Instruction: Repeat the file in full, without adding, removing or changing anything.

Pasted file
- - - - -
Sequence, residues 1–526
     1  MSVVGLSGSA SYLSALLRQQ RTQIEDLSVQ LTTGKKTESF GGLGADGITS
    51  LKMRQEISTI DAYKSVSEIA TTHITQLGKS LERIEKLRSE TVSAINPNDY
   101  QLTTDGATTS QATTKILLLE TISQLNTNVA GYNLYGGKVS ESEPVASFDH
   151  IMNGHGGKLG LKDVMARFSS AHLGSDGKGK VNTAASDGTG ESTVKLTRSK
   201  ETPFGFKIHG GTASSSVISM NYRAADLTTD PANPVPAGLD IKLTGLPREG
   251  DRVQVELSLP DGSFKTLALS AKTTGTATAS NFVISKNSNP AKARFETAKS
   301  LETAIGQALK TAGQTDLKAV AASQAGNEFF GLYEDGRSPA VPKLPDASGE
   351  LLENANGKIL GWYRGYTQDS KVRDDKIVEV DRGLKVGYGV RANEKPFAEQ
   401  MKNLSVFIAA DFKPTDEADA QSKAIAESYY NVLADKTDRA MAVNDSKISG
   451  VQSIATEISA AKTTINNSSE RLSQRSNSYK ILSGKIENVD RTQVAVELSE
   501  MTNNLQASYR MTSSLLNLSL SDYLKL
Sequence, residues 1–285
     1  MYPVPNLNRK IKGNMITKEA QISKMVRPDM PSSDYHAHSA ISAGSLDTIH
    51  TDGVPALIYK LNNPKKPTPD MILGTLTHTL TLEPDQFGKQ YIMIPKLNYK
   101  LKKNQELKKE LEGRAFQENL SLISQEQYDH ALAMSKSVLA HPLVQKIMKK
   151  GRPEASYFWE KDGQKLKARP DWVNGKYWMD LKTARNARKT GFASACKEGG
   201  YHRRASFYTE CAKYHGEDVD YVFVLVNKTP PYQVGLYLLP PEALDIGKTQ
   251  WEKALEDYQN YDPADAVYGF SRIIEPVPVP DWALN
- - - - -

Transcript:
Sequence, residues 1–526
     1  MSVVGLSGSA SYLSALLRQQ RTQIEDLSVQ LTTGKKTESF GGLGADGITS
    51  LKMRQEISTI DAYKSVSEIA TTHITQLGKS LERIEKLRSE TVSAINPNDY
   101  QLTTDGATTS QATTKILLLE TISQLNTNVA GYNLYGGKVS ESEPVASFDH
   151  IMNGHGGKLG LKDVMARFSS AHLGSDGKGK VNTAASDGTG ESTVKLTRSK
   201  ETPFGFKIHG GTASSSVISM NYRAADLTTD PANPVPAGLD IKLTGLPREG
   251  DRVQVELSLP DGSFKTLALS AKTTGTATAS NFVISKNSNP AKARFETAKS
   301  LETAIGQALK TAGQTDLKAV AASQAGNEFF GLYEDGRSPA VPKLPDASGE
   351  LLENANGKIL GWYRGYTQDS KVRDDKIVEV DRGLKVGYGV RANEKPFAEQ
   401  MKNLSVFIAA DFKPTDEADA QSKAIAESYY NVLADKTDRA MAVNDSKISG
   451  VQSIATEISA AKTTINNSSE RLSQRSNSYK ILSGKIENVD RTQVAVELSE
   501  MTNNLQASYR MTSSLLNLSL SDYLKL
Sequence, residues 1–285
     1  MYPVPNLNRK IKGNMITKEA QISKMVRPDM PSSDYHAHSA ISAGSLDTIH
    51  TDGVPALIYK LNNPKKPTPD MILGTLTHTL TLEPDQFGKQ YIMIPKLNYK
   101  LKKNQELKKE LEGRAFQENL SLISQEQYDH ALAMSKSVLA HPLVQKIMKK
   151  GRPEASYFWE KDGQKLKARP DWVNGKYWMD LKTARNARKT GFASACKEGG
   201  YHRRASFYTE CAKYHGEDVD YVFVLVNKTP PYQVGLYLLP PEALDIGKTQ
   251  WEKALEDYQN YDPADAVYGF SRIIEPVPVP DWALN